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Classy classes: Inaugural CS class explores ethics in AI


For the first time, Stanford is offering a student-initiated course focused on the ethical implications of artificial intelligence (AI). The product of a joint initiative by the student groups CS + Social Good and the Stanford AI Group, the class teaches students techniques in machine learning and includes guest lectures by Stanford researchers in computer science.

“Students will learn about and apply cutting-edge artificial intelligence techniques to real-world social good spaces (such as healthcare, government, education and environment),” the course website states. 

Shubhang Desai ’20, Swetha Revanur ’20 and Karan Singhal ’19 designed the course to highlight the positive impact of socially conscious AI as well as the dangers of potentially biased and insecure AI systems.

Desai said he believes that the course fills a gap in the technical and ethical AI education that Stanford currently offers.

“We wanted to create a course that would educate students not only about AI techniques, but also how they should be applied in a socially conscious way,” added Desai. “The social good motivates exploration into AI, not the other way around. The class is not an AI class, it is a social good class that uses AI to tackle social good problems.”

Though the course required an application, the teaching staff encouraged undergraduate and graduate students across all departments with different levels of computer science experience to enroll. 

“This is the most accessible technical AI class offered at Stanford,” Revanur said.

Along with the three undergraduate instructors, course staff Rachel Gardner ’20 and Nidhi Manoj ’19 help coordinate guest lecturers conducting AI research in industry and academia. Upcoming guest lecturers include graduate student Pranav Rajpurkar, whose research applies machine learning to medicine, education and autonomous driving, and assistant management science and engineering professor Sharad Goel, whose work uses AI to improve public policy in domains ranging from racial bias to online privacy.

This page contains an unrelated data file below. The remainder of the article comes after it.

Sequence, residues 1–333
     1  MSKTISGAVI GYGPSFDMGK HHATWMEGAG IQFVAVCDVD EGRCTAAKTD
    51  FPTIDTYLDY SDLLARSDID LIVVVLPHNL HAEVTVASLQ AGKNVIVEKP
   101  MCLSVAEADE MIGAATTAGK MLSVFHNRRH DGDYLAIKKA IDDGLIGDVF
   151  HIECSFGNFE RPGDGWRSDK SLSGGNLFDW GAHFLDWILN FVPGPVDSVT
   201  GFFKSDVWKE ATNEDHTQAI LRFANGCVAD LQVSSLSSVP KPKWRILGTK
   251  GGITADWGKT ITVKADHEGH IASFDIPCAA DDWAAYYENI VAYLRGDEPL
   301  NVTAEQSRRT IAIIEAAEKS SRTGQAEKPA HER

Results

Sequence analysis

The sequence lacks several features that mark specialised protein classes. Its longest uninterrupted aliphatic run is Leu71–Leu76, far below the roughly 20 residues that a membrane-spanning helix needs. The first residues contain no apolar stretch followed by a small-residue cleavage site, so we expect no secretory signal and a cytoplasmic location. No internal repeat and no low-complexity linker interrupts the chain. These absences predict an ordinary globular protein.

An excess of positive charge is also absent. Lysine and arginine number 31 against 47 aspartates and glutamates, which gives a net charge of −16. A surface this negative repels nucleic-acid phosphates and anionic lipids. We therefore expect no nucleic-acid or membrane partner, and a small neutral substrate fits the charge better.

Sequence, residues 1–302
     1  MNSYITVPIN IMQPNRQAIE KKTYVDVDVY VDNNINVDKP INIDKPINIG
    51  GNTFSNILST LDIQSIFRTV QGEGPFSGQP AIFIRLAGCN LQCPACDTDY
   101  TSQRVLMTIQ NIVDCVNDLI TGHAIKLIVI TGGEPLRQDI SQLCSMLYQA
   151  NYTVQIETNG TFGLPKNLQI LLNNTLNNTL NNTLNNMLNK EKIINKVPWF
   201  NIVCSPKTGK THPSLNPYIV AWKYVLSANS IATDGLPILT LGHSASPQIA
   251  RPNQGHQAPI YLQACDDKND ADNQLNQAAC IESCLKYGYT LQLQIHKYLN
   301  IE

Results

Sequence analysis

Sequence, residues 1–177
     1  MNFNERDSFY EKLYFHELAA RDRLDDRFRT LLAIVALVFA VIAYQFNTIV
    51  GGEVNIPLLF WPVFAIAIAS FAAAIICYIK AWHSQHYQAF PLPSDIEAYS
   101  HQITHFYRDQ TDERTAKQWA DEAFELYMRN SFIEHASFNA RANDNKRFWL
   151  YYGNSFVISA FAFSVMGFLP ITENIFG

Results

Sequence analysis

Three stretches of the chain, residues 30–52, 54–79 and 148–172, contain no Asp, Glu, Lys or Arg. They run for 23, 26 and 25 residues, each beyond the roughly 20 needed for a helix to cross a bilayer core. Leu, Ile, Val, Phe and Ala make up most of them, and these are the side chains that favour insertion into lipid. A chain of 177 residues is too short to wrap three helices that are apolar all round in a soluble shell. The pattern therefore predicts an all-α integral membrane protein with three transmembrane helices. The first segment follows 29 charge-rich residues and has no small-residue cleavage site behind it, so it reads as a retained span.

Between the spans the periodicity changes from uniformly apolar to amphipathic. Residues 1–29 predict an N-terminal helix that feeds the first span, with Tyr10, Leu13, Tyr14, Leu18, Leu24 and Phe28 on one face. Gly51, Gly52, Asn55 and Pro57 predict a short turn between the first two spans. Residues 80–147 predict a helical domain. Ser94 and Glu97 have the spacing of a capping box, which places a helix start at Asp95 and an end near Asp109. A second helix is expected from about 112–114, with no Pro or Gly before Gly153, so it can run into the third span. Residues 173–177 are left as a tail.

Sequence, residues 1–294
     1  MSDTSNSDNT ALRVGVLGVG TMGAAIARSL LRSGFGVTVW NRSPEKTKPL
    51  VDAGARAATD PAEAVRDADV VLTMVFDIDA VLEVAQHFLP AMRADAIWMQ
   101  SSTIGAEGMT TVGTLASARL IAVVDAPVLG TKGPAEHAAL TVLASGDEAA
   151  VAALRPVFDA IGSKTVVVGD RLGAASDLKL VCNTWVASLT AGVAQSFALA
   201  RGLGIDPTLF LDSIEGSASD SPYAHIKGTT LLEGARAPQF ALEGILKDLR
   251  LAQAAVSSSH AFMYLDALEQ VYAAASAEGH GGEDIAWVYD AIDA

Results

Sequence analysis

Course instructors Desai and Revanur said that decision-making algorithms can often make flawed conclusions based on biased representation in data. For instance, AI algorithms in Google Photos accidentally classified black males as “gorillas” because the data input to the software did not include enough images of humans with darker complexions.

According to the teaching staff, while computer scientists may understand the details of an AI system’s inputs and outputs, they do not know exactly how these algorithms make decisions. The nebulous computations that take place within this algorithmic “black box” can potentially undermine the efficacy of many algorithms if scientists do not approach programming in a socially conscious manner.

CS + Social Good board member Vicki Niu ’18 agreed that it is important to be conscientious about the potential negative social impact of AI.

“We’re constantly balancing a number of factors, including the extent to which we [create] programs that allow students to build socially impactful tech projects versus ones that focus on analyzing the social implications — and often times harms — of technologies currently at play in our world,” she said.

An increase in both computational resources and available data has made AI a powerful decision-making tool.  Revanur, Desai and Singhal emphasized that as the power of AI systems continues to increase rapidly, students must be aware of the potential dangers of flawed AI.

“We foresee the rapid automation of many of today’s most common occupations, including drivers, cashiers and many doctors,” the trio wrote in an email to The Daily. “Much of this change will be driven by today’s budding AI technologists, many of whom will come from Stanford.”

The course will be offered again next spring. 


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